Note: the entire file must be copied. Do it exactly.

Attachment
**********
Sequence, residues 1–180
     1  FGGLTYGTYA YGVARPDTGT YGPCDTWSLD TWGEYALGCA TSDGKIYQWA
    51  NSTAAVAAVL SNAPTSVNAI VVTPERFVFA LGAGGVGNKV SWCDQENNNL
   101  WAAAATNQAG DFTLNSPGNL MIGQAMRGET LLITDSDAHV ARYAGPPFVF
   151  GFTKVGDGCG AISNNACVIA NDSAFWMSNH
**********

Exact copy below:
Sequence, residues 1–180
     1  FGGLTYGTYA YGVARPDTGT YGPCDTWSLD TWGEYALGCA TSDGKIYQWA
    51  NSTAAVAAVL SNAPTSVNAI VVTPERFVFA LGAGGVGNKV SWCDQENNNL
   101  WAAAATNQAG DFTLNSPGNL MIGQAMRGET LLITDSDAHV ARYAGPPFVF
   151  GFTKVGDGCG AISNNACVIA NDSAFWMSNH